Whatever they saw, I accepted their offer and told them about the strong pull on my heart to go back home and to become an advocate, a voice, for small rural churches, but I just couldn’t see a clear way back. They gave me a warm, reassuring smile that told me they completely understood where I was at that moment. They had been there once as well. They asked what was on my heart and I shared. I shared with them how I could see myself back home in rural Vermont, serving God, serving His children, but that I didn’t the way to get there. I told them how I wanted to get back to my writing roots and still be a pastor. I told them the ideas I had for cooperative rural ministry where it wasn’t about just one church, but a network of churches serving together. I told them about my ideas for a rural ministry network, offering resources and prayer support. I told them my dreams. Now it was time to turn to God and hear His dreams for me.

We clasped hands, bowed our heads and prayed. We prayed for surrender. We prayed for strength. We prayed for provision. But most of all we prayed for God to use me as God wanted to.

After the “amen” we began to make our way to lunch. It was then one of those prayer angels stopped me before entering the room and reassured me, “You will be home and home just in time for the holidays. I just know it. You will be serving God beautifully. I can see it.”

On the last day of the retreat, each participant was given a stone embossed with the word “Credo” on it. It would be a reminder for us to live out the dreams God had awakened in each us, to realize the responsibility we had to use our talents in glorifying God, to live out our life’s creed and not fall victim to simply making a living, but rather unleashing the life God has planned for us. I carried that stone with me for months, caressing it, holding it, praying with it and tonight it sits on the fireplace mantel surrounded by the gourds I have once again received as a gift from a dear woman from the little white church who has always made sure the pastor’s house looked perfect for the holidays.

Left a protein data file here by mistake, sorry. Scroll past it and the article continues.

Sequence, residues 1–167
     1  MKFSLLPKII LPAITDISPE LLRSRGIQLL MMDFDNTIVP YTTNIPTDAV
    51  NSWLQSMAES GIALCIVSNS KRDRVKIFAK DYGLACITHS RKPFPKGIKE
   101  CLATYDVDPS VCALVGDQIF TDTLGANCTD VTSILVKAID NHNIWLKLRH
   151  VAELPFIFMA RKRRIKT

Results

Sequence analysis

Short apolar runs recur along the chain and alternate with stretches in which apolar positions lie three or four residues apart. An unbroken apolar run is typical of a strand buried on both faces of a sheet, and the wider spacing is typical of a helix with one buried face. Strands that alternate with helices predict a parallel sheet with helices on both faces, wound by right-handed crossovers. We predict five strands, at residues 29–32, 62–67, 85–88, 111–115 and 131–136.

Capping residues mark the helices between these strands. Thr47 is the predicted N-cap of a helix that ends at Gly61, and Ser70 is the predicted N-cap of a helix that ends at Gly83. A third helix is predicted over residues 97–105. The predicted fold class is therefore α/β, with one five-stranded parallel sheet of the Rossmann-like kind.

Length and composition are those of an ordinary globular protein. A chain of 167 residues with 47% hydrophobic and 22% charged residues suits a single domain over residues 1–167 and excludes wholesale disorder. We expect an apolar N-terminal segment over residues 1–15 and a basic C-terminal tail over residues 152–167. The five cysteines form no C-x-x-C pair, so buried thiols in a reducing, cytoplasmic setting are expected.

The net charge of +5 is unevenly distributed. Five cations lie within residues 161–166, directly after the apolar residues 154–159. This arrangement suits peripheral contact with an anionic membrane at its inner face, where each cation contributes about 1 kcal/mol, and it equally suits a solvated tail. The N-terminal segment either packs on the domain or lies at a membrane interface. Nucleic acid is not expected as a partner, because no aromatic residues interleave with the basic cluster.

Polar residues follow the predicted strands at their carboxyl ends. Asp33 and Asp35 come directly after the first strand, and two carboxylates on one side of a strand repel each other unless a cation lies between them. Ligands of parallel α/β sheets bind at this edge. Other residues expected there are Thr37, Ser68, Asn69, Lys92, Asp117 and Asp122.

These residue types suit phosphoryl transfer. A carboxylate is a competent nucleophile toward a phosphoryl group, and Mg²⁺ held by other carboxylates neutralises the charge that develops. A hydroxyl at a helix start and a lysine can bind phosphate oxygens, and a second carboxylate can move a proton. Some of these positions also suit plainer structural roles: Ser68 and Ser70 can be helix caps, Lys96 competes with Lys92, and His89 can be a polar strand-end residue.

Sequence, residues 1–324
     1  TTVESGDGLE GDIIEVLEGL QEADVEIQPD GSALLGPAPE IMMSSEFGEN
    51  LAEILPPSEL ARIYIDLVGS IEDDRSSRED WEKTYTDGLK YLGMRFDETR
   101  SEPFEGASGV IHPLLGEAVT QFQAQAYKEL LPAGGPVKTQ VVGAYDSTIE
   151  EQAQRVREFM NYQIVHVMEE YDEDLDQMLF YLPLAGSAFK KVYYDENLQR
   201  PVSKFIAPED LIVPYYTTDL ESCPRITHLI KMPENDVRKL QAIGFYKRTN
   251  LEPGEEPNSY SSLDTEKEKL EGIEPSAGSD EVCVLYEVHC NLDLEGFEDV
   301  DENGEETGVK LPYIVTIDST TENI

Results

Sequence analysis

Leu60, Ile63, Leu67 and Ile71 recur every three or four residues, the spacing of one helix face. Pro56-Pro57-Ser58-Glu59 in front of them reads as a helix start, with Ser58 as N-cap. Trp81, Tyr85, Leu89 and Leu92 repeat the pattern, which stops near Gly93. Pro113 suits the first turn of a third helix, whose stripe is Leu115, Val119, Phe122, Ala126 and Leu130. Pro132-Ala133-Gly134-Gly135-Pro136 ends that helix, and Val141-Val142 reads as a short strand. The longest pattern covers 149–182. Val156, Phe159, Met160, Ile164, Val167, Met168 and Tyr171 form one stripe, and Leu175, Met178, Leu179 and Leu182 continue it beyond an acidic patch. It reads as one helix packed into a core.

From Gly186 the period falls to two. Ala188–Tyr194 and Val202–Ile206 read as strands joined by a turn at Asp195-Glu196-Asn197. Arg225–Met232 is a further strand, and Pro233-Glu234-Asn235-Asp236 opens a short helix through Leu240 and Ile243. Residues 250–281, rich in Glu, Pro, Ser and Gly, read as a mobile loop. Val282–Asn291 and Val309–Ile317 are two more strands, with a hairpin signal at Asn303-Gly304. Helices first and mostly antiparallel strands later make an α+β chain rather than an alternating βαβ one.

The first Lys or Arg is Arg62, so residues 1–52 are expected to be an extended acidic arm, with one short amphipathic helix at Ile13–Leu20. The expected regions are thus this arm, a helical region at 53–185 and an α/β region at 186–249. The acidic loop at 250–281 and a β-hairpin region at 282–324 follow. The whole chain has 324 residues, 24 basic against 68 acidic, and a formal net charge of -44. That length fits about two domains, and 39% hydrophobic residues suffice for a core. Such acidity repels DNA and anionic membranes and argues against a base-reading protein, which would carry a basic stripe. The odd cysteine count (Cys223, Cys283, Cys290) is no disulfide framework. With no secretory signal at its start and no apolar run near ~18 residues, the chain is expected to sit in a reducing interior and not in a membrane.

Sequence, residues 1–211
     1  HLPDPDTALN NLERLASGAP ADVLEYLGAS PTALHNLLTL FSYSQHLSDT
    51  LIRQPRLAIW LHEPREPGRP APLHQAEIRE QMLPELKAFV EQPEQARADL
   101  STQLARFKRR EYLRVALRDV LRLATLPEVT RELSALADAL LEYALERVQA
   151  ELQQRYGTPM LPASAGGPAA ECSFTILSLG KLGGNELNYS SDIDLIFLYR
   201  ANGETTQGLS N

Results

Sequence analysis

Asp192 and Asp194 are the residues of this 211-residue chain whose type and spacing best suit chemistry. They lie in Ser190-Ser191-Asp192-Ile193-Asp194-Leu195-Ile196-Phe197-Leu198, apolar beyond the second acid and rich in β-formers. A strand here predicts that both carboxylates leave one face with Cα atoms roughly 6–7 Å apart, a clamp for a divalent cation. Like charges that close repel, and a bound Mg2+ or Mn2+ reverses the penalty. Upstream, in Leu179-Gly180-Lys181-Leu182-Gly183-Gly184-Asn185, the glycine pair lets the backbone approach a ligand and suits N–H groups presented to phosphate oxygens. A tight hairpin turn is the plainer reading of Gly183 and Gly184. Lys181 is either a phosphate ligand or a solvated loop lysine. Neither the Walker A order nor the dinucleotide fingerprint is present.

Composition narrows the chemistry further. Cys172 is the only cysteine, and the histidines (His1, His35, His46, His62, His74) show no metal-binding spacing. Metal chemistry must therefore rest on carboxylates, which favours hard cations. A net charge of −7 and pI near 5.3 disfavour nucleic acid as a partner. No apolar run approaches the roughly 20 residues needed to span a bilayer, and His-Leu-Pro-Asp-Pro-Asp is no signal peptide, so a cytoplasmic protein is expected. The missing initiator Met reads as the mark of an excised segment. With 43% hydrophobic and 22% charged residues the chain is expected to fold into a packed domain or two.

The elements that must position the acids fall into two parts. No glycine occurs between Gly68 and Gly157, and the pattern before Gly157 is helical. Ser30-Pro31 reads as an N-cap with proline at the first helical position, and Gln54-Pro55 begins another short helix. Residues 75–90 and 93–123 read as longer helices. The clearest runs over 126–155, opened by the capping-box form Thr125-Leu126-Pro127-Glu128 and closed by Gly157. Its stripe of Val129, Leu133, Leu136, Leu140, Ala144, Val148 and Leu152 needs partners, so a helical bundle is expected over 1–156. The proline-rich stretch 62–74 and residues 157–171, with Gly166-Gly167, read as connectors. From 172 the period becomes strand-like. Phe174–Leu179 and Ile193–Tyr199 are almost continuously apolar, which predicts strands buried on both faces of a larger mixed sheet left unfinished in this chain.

Yes, the pecan and pumpkin pies will have to wait to be warmed, sliced and topped with ice cream. For I need to fall on my knees in prayerful thanks to God who heard my cry and who has led me to where I am at this moment. I am home. Surrounded by cows, Green Mountains, gourds and many welcome home hugs.

And so a blessed Thanksgiving to you from me, the girl who once lived in Manhattan and wore cute little heels but who dared to trust God and leave it all behind for the joy and privilege of being an “accidental country pastor.”

 

A Prayer

 Loving God, you see the struggles in our hearts. We want to follow You and trust, but the worry and fear seem stronger and greater than our faith. Forgive us. Increase our faith in You. Help us to let go of all the what if’s. Help us to realize life is too short not to trust You. Help us this very moment to see the impossible can be possible. With you by our sides God let us dare to dream big, dare to stand up and make the world a better place, dare to go against what the world says is living and live with You at the center of our lives. Let us always be thankful and praise You for the wonderful way you lead each one of us to that place of belonging, fulfillment, contentment and joy—to that place we call home. Amen.

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The Thanksgiving Quilt

 

A sense of accomplishment began welling up inside of me. There I was running the last lap and the finish line was in sight. In my case, there I was sewing the last lap of my second quilt, piecing and stitching by hand the dreaded binding, which for me—a self-taught, novice quilter—was tricky beyond tricky.  IMG_1565

Just as a runner’s legs grow mushy in a race, my fingers were mushing up from the repetitious sprinting they were doing. With a thimble protecting only one finger, the others had to put up with the constant pain of being pricked by a needle. It was especially painful when the needle inadvertently stuck under the nail of my thumb. “Ouch” wasn’t the only word being uttered under my breath, making my husband look up from his reading and lovingly chide me with what I already knew.

“You may want to rethink holding a quilting group at the church if that is what comes out of your mouth.” It was then I wondered about all those faded black and white pictures of women quilting I would gaze at as a child.